After my mastectomy I had a course of radiotherapy and was put on Herceptin. At the start of treatment the nurse told me it would take a year out of my life- in reality it was nearer to three. There were some positives that came out of the whole thing- I was working in an admin job but was made redundant during my treatment so I decided to change my career. I enrolled on an Open University degree course, volunteered with Home Start and ended up working for Shropshire Council as a Family Support Worker for Children’s Centres where I still am. I’d had experience of being a single parent and I wanted to help other families who may be vulnerable or need some support. I moved on and life was good.

In November 2016, I fell on some wet leaves at work and afterwards had some pain in my rib. Thinking it was broken, I went to the doctor who sent me for an x-ray. A couple of days later, the house phone rang at 7pm and I could see it was the doctor. I knew they wouldn’t be calling at this time for no reason; he said there was an ‘area of concern’ and that I needed to come for more tests. Soon afterwards, I was told I had tumours in my liver and both lungs- caused by a small number of cancer cells that had been left behind in my body last time. I was in total shock. I don’t smoke, and I had absolutely no symptoms. I still don’t really have symptoms, other than those caused by the treatment. What is really amazing is that the rib pain was a red herring- I had a bit of inflammation in my cartilage but nothing major- if it wasn’t for that, my cancer would not have been discovered and my position today could have been a lot worse.

I had another round of chemotherapy, and this time it was so much harder. The one positive is that chemo is predictable- I knew which days I would feel awful and spend all day in bed, and when I would start to feel OK again. This meant I could plan my weeks and do at least some normal things.

I have lost some friendships over my illness- some people just don’t know what to say and can’t handle it. People are afraid to ask questions, and it’s amazing how many people I have had to comfort, when they get upset about me being unwell. I hate it when people say I’m ‘brave’- I’m not brave, but I am angry about it; it does all seem very unfair.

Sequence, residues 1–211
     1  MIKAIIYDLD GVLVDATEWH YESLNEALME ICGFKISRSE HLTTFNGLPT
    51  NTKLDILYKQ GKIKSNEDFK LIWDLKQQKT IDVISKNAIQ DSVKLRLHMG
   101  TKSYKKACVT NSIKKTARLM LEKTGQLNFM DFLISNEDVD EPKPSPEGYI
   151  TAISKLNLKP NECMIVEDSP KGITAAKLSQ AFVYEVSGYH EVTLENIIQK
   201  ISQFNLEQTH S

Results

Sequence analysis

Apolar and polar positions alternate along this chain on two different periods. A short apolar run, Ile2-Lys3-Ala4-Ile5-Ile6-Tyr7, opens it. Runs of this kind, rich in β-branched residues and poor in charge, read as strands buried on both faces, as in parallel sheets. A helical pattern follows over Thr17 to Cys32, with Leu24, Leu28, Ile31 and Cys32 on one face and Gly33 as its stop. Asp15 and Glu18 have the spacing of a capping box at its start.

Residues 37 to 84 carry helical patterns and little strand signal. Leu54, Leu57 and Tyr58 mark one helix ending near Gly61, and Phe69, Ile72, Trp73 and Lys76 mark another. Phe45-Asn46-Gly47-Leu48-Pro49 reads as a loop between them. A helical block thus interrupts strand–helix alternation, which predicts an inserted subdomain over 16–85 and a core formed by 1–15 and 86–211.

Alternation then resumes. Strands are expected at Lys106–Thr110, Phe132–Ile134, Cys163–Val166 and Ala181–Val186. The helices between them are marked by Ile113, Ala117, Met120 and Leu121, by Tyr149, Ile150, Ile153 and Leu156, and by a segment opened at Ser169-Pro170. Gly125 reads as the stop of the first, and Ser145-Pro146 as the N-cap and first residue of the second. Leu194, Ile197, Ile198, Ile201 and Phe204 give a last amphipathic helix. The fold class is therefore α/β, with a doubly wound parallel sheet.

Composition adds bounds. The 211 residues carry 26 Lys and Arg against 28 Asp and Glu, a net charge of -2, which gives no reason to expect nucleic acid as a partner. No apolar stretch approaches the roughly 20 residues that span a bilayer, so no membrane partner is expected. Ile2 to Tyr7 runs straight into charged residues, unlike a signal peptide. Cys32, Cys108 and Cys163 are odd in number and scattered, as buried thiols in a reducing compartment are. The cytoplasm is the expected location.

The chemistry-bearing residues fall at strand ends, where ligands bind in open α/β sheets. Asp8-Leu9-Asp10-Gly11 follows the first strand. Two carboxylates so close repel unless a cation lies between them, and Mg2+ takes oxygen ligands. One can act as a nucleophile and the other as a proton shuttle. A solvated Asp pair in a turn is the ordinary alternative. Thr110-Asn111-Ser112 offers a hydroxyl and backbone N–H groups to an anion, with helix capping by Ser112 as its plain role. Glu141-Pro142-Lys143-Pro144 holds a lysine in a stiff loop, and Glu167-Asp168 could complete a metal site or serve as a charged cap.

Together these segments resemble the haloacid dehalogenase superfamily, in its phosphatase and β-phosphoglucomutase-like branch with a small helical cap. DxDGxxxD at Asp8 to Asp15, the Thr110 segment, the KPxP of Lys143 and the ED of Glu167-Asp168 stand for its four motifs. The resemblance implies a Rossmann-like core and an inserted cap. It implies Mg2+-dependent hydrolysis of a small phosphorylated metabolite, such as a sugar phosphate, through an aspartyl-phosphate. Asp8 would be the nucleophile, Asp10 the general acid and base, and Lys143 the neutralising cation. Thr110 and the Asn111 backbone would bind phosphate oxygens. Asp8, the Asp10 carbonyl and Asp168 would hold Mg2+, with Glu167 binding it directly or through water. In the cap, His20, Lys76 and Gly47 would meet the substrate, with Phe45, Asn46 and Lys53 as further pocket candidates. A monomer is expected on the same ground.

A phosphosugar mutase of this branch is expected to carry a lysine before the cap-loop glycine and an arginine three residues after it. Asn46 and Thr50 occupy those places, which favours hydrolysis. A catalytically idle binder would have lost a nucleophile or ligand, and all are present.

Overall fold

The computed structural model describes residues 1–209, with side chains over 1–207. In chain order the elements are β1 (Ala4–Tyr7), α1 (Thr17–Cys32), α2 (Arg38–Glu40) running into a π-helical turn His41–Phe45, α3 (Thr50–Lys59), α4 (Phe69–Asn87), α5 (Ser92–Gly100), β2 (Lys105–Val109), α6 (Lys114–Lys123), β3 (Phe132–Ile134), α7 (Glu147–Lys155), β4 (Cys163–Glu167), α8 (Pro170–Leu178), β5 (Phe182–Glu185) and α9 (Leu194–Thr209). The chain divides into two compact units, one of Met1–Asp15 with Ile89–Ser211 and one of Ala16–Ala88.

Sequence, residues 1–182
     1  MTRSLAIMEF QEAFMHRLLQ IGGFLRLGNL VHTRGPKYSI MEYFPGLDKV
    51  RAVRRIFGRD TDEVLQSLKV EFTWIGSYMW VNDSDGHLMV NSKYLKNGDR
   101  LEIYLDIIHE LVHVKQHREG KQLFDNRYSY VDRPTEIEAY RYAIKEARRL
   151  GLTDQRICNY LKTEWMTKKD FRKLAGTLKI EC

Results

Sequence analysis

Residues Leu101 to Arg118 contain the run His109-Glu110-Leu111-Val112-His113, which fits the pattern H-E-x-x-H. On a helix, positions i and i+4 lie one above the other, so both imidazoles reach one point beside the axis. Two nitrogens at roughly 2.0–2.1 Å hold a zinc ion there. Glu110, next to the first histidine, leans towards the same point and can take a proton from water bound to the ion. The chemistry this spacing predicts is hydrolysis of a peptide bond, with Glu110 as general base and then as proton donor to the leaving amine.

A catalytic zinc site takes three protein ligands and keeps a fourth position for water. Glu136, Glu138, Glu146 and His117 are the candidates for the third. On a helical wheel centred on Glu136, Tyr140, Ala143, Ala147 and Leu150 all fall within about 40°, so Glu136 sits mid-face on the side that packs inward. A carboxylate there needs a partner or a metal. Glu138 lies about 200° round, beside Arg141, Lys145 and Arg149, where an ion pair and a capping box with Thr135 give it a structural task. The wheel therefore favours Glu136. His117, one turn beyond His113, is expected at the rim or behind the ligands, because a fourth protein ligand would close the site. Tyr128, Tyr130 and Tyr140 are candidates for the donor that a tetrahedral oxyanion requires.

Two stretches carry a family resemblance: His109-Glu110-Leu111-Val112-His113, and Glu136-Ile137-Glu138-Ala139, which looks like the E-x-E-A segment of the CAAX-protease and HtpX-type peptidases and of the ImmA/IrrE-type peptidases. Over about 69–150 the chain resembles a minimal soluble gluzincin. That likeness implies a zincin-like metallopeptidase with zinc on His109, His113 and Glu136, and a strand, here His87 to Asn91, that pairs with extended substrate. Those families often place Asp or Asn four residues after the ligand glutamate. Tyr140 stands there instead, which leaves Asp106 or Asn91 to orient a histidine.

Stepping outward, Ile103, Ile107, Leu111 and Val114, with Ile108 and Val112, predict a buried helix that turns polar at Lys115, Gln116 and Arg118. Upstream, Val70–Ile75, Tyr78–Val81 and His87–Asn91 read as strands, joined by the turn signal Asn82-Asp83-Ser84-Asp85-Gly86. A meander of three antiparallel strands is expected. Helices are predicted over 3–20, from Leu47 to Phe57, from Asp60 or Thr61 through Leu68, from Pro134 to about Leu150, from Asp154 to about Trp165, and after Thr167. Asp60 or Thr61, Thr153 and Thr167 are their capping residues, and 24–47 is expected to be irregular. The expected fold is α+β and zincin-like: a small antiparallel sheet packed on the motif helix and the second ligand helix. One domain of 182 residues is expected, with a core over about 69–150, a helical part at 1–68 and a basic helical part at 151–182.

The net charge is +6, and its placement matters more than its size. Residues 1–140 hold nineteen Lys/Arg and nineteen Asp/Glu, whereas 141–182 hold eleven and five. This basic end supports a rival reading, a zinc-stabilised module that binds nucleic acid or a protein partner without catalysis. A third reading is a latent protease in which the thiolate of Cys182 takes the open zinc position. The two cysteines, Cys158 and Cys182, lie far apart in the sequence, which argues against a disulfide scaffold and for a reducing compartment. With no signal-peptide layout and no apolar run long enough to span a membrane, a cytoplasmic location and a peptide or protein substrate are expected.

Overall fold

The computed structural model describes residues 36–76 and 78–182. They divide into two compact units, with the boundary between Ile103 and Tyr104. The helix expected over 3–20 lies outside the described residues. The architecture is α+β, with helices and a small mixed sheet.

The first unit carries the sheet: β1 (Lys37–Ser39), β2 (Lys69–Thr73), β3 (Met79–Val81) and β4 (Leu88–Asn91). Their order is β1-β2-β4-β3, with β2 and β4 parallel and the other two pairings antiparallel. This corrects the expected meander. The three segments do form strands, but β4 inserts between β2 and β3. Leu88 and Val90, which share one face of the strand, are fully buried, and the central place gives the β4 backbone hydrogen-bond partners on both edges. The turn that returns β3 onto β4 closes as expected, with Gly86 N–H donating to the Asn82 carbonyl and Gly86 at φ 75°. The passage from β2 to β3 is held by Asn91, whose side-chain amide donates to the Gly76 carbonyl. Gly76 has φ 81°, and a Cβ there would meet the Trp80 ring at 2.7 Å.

Now, I’m feeling reasonably well and we’ve had a good year. My partner and I got married during my chemotherapy in March- on my birthday, to ‘counteract’ my mastectomy on my birthday seven years earlier. I was in hospital the week before and I was worried I wouldn’t make it to the wedding but it was a brilliant day. We had a ceremony at the Shrewsbury Museum and dinner at the Golden Cross. We only had 25 people there, so we’re having a big family dinner later this year, and a massive party for all of our friends. We’re social people- we normally have a big New Year’s Eve party, and as I was diagnosed just before Christmas we nearly cancelled. In the end, we went ahead and turned it into a bad taste wigs party- as much as it kills me inside to have to wear my wig, I just decided to embrace it and it was a great night.

I have a scan every three months, and an appointment with the consultant. I’m up at the hospital every couple of weeks in between for tests and check-ups. I’ve been told that my cancer can’t be cured, but it can be managed; people live well with some cancers for many years these days. I’m now taking Herceptin and Perjeta, and I’ll stay on these for ‘as long as I am responding’ to them. New treatments are coming out all the time, so you never know what might happen.

Life is good now, different but good. I’m doing my best to live the best I can whilst managing treatments and some side effects. I’m back to work and gradually doing those things I love and have put on hold for treatment.  I have been extremely luckily to have a supportive family, fantastic funny friends and the support of all the staff at the hospital has been second to none.”

 

Glossary

Herceptin: Herceptin is a drug which can help control the growth of cancer cells that contain high amounts of HER2 (human epidermal growth factor 2). It works by blocking the effect of HER2 and encouraging the body’s immune system to attack and kill the cancer cells.

Lumpectomy: Where a tumour is removed surgically from the breast.

Mastectomy: The surgical removal of the breast. There are a number of different forms of mastectomy.

Metastatic: Metastatic cancer is one that has spread from the original site, into a different area of the body. This is often through the bloodstream or lymph system. Tumours of metastatic cancers are known as secondary tumours.

Perjeta: Perjeta is a chemotherapy drug used to treat patients with HER-2 positive breast cancer. It is used alongside drugs such as Herceptin to attack and kill cancer cells.